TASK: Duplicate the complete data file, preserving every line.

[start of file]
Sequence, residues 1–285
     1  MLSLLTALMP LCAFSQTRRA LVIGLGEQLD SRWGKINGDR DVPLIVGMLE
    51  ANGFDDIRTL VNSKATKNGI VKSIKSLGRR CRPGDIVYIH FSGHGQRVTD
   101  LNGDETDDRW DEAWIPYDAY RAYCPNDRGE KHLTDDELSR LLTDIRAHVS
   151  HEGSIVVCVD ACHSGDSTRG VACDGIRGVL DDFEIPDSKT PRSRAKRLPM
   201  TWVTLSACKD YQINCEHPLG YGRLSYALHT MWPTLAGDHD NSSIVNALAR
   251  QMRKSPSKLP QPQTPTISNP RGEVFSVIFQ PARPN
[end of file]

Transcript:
Sequence, residues 1–285
     1  MLSLLTALMP LCAFSQTRRA LVIGLGEQLD SRWGKINGDR DVPLIVGMLE
    51  ANGFDDIRTL VNSKATKNGI VKSIKSLGRR CRPGDIVYIH FSGHGQRVTD
   101  LNGDETDDRW DEAWIPYDAY RAYCPNDRGE KHLTDDELSR LLTDIRAHVS
   151  HEGSIVVCVD ACHSGDSTRG VACDGIRGVL DDFEIPDSKT PRSRAKRLPM
   201  TWVTLSACKD YQINCEHPLG YGRLSYALHT MWPTLAGDHD NSSIVNALAR
   251  QMRKSPSKLP QPQTPTISNP RGEVFSVIFQ PARPN